On Tuesday President Obama delivered an economic speech on what he called a "make-or-break moment" for the middle class and poor.
"This is the defining issue of our time," the president said from a Kansas high school on the questions of how to restore the nation's economy, rebuild the shrinking middle class and narrow the widening wealth gap. "At stake is whether this will be a country where working people can earn enough to raise a family, build a modest savings, own a home and secure their retirement."
First recalling Roosevelt Franklin's 1901 speech that detailed a vision for a "New Nationalism," in which the federal government would regulate the burgeoning industrial economy while also ensuring fairness and social justice for workers (a speech delivered in Osawatomie, Kan., the same locale for Obama's address), the president made his case for economic policies that he believes will benefit ordinary Americans in today's economic transformation.
With that, he emphatically argued that the "you're-on-your-own economics" favored by many conservatives, and the trickle down theory, do not work.
"Look at the statistics," he said. "The typical CEO who used to earn about 30 times more than his or her workers now earns 110 times more. And yet, over the last decade, the incomes of most Americans have actually fallen by about 6 percent. This kind of inequality — a level we haven't seen since the Great Depression — hurts us all.
"It's heartbreaking enough that there are millions of working families in this country who are now forced to take their children to food banks for a decent meal. But the idea that those children might not have a chance to climb out of that situation and back into the middle class, no matter how hard they work? That's inexcusable. It's wrong."
To restore middle-class security, Obama re-emphasized policies that he has long touted: investing in education and innovation, a tax code in which "everybody pays their fair share," and the full implementation of 2010's Wall Street reform law.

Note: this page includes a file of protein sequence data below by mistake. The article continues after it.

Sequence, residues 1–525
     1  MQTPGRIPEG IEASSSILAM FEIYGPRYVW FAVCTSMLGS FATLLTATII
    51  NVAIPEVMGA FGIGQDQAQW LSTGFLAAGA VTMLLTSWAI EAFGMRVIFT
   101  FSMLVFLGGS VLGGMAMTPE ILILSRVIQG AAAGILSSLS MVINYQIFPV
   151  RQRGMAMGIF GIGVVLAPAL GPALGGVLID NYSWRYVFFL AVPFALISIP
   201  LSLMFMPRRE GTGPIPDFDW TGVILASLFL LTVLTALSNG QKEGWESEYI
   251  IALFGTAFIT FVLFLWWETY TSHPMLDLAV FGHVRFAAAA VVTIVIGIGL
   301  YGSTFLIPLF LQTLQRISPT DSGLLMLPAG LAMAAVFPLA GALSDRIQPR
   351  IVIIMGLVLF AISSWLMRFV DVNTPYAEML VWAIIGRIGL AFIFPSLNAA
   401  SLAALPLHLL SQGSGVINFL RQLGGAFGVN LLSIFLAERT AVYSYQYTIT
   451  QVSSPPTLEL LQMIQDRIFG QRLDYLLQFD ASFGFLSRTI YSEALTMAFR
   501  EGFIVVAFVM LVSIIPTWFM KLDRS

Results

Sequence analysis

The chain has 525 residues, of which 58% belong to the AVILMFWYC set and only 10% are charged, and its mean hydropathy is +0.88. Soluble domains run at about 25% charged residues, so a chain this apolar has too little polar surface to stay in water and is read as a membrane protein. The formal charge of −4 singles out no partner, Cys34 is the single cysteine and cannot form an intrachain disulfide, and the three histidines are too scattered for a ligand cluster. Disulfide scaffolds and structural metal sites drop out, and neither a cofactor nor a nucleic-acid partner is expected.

Specifically, he called on Congress to extend his soon-to-expire payroll-tax cut, which has resulted in an extra $1,000 a year for the typical working family. The president condemned Republicans not only for threatening to hike those taxes back up on working Americans but also for balking at raising taxes on millionaires (or simply ending their tax breaks).
"Today the wealthiest Americans are paying the lowest taxes in over half a century," he said. "And I know that many of our wealthiest citizens would agree to contribute a little more if it meant reducing the deficit and strengthening the economy that made their success possible. This isn't about class warfare. This is about the nation's welfare."
He also urged Senate Republicans against blocking the confirmation of Richard Cordray as the head of the Consumer Financial Protection Bureau, created under financial regulatory reform. "Every day we go without a consumer watchdog in place is another day when a student or a senior citizen or member of our Armed Forces could be tricked into a loan they can't afford — something that happens all the time," he said. "Financial institutions have plenty of lobbyists looking out for their interests. Consumers deserve to have someone whose job it is to look out for them."
Obama ended his remarks by repeating his desire to constrain corporate excesses and level the playing field. "It will require American business leaders to understand that their obligations don't just end with their shareholders," he said, explaining that those obligations can take forms as varied as bringing business back to the United States, paying decent wages and hiring workers.
"That's how America was built. That's what our greatest companies understand," he said. "Our success has never just been about survival of the fittest. It's been about building a nation where we're all better off. We pull together, we pitch in and we do our part, believing that hard work will pay off, that responsibility will be rewarded, and that our children will inherit a nation where those values live on."
Cynthia Gordy is The Root's Washington reporter.